BY KERRY CURRY
August 1, 2014 – With immigration reform stalled, housing professionals look for ways to help undocumented residents achieve the American Dream
A surge of illegal immigration over the summer by unaccompanied minors has brought immigration reform and border security into the news in a big way. Still, the dramatic headlines – some claiming a humanitarian crisis – are unlikely to get immigration reform back on track in Congress. For housing leaders – who recognize immigration as a key driver of household formation – lack of immigration reform comes as a big disappointment.
“It’s not just disappointing from a perspective of an advocate,” said Gary Acosta, co-founder and CEO of the National Association of Hispanic Real Estate Professionals. “It’s disappointing because I think the argument from an economic standpoint is pretty clear, especially in the housing industry.”
That economic argument, for NAHREP, translates into $500 billion in home purchases and new mortgages over a five-year span if just 3 million of the estimated 11 million undocumented immigrants in the U.S. obtain a legalized status, then buy into the American Dream. It estimates $180 billion in homeownership-related consumer spending during that time, assuming an average household income of $40,000.
As Congress wavers on immigration reform, housing industry leaders are left to wonder what impact a lack of reform might portend for the future of housing, whose recovery from the financial crisis has been less than robust.
Over the past year, several groups in and outside the industry have had plenty to say about the influence of immigrants on housing. Here’s a quick look:
In the decade 2010-2020, immigrants are projected to account for 32.2% of the growth in all households, 35.7% of growth in homeowners and 26.4% of growth in renter households, according to the Research Institute for Housing America in a study sponsored by the Mortgage Bankers Association.
If the 11 million undocumented immigrants in the U.S. were deported, U.S. housing wealth would drop by $1 trillion and the manufacturing sector would shed a half-million U.S. jobs, according to the Partnership for a New American Economy, a bipartisan group of mayors and business leaders seeking immigration reform.
Since 2010, Hispanics have accounted for a net increase of 559,000 owner households, representing 56% of the total net growth of owner households in the U.S. Their purchasing power is estimated to grow to $1.5 trillion by 2015, according to NAHREP.
Hispanics are more likely than the general population to prefer owning a home, according to Fannie Mae, and more Hispanic renters than the general population (88% vs. 71%) say owning makes more financial sense than renting.
The Asian American and Pacific Islander population, which totals 18.6 million, has increased more than 50% since 2000. The group’s $718 billion in buying power is expected to reach $1 trillion by 2017, according to Nielsen.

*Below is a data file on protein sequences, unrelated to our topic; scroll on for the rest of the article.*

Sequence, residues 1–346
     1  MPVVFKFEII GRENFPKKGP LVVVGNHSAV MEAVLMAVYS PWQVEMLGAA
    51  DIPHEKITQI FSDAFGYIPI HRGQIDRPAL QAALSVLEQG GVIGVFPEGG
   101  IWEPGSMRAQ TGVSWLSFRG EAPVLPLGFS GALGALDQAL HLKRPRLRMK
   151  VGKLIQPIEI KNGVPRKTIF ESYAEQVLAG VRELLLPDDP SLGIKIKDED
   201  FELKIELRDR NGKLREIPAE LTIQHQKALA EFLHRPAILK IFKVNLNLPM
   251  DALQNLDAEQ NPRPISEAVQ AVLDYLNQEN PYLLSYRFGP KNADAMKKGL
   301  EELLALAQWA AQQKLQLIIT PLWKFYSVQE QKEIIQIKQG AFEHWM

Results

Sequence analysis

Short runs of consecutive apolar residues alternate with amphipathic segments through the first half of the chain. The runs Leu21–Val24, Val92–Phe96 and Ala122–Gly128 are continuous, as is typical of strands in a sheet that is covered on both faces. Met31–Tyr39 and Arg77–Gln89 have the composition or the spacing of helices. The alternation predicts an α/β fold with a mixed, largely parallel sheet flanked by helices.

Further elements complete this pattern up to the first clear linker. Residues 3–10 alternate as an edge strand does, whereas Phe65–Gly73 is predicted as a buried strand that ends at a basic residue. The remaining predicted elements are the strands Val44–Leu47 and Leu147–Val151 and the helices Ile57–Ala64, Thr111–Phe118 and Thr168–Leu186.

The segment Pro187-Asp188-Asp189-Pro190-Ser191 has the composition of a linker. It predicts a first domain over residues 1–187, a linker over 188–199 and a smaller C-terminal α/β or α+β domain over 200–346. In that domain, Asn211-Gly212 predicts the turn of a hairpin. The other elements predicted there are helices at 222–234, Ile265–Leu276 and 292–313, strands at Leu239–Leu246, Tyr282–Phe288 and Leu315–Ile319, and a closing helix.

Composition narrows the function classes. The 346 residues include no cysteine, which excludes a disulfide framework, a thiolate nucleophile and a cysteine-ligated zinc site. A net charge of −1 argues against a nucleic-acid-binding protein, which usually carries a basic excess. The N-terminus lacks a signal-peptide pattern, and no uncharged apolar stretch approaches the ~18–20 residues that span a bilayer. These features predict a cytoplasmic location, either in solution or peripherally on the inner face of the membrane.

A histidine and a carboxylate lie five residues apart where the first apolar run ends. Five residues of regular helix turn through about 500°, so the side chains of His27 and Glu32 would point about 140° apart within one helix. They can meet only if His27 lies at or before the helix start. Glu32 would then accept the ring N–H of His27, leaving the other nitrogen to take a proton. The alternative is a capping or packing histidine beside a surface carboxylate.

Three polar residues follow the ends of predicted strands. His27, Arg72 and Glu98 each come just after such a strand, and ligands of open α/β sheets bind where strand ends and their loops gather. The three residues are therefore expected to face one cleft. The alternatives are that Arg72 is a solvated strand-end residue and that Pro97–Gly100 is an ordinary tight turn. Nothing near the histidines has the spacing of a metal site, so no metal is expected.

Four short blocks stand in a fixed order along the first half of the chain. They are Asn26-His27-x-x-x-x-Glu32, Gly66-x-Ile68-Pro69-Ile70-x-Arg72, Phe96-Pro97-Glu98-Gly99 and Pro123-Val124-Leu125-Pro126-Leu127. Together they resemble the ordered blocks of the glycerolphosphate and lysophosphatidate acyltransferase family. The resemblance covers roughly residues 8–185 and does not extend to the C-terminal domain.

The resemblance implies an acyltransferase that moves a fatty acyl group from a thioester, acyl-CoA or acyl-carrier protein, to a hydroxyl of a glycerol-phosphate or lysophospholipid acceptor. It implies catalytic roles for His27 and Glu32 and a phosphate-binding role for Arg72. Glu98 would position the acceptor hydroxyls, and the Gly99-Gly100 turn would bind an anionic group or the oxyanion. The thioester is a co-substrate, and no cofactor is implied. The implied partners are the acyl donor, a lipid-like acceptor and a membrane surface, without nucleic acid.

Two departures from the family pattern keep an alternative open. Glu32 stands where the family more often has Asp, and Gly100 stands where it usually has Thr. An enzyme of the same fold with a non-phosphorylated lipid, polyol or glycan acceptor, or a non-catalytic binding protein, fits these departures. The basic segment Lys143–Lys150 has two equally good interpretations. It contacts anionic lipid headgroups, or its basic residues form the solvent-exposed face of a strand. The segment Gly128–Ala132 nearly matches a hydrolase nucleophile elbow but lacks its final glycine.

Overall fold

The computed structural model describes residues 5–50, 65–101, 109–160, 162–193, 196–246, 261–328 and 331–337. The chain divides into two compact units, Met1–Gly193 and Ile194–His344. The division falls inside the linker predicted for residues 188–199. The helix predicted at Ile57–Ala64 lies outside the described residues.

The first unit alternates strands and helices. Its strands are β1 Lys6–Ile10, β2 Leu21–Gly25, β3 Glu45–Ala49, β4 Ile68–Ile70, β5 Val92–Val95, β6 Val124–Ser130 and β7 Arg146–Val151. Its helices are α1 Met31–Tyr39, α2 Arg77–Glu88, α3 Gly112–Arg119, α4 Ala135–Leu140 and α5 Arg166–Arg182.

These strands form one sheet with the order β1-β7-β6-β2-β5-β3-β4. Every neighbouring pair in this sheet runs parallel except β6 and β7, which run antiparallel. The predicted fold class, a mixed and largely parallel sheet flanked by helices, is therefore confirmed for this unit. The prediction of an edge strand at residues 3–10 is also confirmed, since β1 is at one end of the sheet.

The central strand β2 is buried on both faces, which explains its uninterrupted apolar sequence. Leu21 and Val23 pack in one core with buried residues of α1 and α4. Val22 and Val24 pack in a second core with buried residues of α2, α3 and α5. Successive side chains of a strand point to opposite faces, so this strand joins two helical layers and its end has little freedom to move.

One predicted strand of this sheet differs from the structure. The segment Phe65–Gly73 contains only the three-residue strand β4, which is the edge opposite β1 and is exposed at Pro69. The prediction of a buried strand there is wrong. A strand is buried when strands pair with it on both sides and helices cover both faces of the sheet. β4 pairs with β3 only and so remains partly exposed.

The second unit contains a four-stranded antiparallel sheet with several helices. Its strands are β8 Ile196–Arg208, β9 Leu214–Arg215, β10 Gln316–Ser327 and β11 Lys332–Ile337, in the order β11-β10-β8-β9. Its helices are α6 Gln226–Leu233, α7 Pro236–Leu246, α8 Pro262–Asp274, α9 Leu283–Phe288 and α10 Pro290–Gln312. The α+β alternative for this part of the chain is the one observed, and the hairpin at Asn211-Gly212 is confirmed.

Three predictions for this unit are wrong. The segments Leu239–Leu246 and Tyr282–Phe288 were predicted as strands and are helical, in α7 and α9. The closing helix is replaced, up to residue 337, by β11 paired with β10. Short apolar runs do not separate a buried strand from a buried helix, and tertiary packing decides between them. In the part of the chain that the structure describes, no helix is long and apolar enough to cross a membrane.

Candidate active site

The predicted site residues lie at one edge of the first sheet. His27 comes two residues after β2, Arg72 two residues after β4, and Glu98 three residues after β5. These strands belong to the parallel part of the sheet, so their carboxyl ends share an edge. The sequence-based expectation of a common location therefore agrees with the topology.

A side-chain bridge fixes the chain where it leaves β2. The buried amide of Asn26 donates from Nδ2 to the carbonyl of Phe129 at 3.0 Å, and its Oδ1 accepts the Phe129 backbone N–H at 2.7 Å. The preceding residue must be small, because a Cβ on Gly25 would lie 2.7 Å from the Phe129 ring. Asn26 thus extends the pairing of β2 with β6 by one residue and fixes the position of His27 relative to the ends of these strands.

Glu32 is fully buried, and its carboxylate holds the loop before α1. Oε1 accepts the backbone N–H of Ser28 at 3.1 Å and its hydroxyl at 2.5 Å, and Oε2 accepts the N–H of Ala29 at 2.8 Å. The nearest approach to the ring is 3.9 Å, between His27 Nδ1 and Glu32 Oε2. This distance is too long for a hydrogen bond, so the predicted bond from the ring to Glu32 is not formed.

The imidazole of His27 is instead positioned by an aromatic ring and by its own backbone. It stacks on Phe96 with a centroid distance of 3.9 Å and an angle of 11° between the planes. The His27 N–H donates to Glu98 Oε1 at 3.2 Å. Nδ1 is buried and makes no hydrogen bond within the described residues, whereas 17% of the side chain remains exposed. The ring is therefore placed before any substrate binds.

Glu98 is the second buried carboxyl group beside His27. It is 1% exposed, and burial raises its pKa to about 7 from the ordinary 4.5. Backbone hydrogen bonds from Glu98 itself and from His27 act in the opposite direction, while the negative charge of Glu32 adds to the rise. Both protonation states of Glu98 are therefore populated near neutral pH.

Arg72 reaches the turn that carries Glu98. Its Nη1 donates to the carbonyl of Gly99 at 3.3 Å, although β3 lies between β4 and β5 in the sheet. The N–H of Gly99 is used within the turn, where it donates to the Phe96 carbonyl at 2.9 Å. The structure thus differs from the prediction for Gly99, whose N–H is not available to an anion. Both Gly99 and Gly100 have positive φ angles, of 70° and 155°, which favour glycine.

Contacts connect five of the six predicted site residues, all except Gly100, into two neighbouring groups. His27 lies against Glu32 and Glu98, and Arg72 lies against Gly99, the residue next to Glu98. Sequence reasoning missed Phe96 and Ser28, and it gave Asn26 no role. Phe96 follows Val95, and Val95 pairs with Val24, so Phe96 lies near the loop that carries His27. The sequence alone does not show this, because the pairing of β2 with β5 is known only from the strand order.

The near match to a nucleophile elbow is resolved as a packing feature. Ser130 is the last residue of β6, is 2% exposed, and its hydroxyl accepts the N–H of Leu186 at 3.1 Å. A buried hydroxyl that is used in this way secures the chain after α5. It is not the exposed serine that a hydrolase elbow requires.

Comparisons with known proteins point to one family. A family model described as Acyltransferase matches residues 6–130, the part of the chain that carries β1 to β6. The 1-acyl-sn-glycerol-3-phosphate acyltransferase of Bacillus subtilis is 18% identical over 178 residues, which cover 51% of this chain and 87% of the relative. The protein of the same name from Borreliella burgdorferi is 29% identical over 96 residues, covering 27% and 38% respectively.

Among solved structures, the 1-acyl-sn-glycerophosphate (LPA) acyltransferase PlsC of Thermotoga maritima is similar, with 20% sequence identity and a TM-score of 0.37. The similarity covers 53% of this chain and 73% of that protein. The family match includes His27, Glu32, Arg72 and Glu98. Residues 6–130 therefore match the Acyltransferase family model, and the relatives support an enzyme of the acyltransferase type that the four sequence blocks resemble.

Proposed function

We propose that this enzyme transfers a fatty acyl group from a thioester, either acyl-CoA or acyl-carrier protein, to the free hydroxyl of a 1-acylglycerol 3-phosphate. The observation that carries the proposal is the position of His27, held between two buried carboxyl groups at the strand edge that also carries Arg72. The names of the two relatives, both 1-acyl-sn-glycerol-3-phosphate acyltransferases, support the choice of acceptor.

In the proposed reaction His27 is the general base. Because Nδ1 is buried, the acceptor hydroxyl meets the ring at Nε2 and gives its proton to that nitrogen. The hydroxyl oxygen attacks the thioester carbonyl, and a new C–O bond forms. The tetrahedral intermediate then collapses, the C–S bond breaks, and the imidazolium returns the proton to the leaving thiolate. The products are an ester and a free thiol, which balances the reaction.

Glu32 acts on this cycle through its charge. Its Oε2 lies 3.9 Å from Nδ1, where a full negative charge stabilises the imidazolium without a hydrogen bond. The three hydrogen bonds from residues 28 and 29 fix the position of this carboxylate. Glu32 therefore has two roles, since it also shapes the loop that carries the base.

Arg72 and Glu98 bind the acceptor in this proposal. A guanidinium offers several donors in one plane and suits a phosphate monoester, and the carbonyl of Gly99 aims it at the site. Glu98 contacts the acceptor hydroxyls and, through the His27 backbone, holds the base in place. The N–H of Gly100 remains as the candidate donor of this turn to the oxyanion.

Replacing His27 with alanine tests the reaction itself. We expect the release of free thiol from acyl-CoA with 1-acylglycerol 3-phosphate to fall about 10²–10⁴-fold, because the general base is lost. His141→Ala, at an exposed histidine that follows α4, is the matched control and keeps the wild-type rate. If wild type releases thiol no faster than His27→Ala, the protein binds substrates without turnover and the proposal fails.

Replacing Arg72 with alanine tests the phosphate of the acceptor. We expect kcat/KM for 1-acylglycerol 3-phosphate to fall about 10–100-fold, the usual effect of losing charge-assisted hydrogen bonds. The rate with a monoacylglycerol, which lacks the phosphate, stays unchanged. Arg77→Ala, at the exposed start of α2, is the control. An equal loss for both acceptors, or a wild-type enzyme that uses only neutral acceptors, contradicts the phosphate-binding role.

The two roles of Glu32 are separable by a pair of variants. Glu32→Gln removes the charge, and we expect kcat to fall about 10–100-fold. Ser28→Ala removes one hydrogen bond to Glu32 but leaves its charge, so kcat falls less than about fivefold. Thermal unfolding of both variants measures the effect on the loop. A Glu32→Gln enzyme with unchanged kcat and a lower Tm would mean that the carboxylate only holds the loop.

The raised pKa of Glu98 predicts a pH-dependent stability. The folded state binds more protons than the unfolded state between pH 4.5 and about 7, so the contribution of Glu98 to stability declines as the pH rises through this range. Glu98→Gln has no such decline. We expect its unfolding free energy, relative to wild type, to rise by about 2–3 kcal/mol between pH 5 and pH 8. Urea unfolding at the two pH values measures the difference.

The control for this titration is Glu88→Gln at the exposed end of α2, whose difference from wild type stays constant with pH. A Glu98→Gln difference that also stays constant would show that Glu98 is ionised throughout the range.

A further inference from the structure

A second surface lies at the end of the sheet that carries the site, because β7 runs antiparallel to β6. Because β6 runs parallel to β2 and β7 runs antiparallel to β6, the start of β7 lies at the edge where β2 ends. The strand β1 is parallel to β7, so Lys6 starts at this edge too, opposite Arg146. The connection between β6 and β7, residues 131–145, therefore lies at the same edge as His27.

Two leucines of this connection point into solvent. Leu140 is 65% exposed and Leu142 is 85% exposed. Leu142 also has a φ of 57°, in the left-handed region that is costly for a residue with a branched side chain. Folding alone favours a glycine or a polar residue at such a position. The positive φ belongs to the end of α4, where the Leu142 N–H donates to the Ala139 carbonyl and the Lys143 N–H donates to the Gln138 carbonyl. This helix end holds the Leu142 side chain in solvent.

Immigration reform stalled last year after the Senate passed a bill with provisions that included border security and a path to citizenship. The House has never brought forth its own bill, and the June primary defeat of House Majority Leader Eric Cantor – who was perceived as favoring immigration reform – has many calling the issue dead for now.
Stan Humphries, chief economist for Zillow, an online marketplace for selling homes, said getting a handle on how many undocumented immigrants already own a home is difficult. It’s a number that would help determine the potential impact of immigration reform on the housing market.
Humphries said he suspects some undocumented residents are buying homes by getting a mortgage in someone else’s name such as a relative, obtaining short-term loans, or buying with cash.
“The question is, how many illegal residents own homes now – and if you control for income – is it more or less than similarly paid legal residents? If it’s lower, then the Dream Act and a path to citizenship would be a boost to housing demand,” Humphries said. There are potential consequences.
“Many people argue that creating a path to citizenship creates more interest from foreign nationals to come here,” Humphries said, noting that housing would benefit if they came. “The more immigration goes up, either legal or illegal, the more housing demand is created.”
REVIVING IT IN LOANS
Some housing industry professionals are finding ways to assist the immigrant community as they await potential benefits from immigration reform.
Jason Madiedo is president and CEO of Venta Financial Group, a retail and wholesale mortgage banking company based in Las Vegas with offices in California, Arizona, Nevada, Texas and Florida. The lender caters to the Hispanic community.
“I was very humbled by our first quarter 2014 numbers. On average, mortgage companies lost money and the cost to close a mortgage has gone up. Our production has doubled. Our profitability has increased. 72% of all of our customers are Hispanic, and 84% of our business is a purchase transaction,” he said.
Venta recently formed a partnership with a Midwest bank to make ITIN loans to immigrants. This mortgage product largely disappeared from the lending landscape during the housing crisis.
An ITIN loan is one based on an Individual Taxpayer Identification Number rather than a credit profile based on a Social Security number. The new product is a 30-year, fixed-rate loan with a 30% down payment. Venta’s banking partner, which Madiedo declined to identify, will keep the loans on portfolio as there’s no secondary market for such a product. The bank has agreed to a $50 million initial commitment, he said.
“We are launching it in Florida, Texas, Georgia, Arizona, Nevada and California. Those are the markets we primarily serve and the highest markets for undocumented workers. It’s only been two weeks and we’ve seen people knocking on our doors,” Madiedo said in June when we talked. “I wish we could do it as a lower loan-to-value, but this is a great start for us.”
A key to the product’s success will be whether Venta can fund the loans in the same time period it takes lenders to do a conventional or FHA-backed loan, Madiedo said. “Realtors tend to shy away from wanting to work with these consumers because there is no guarantee of closing. Sellers don’t want to have to deal with a 60- or 90-day transaction,” he said.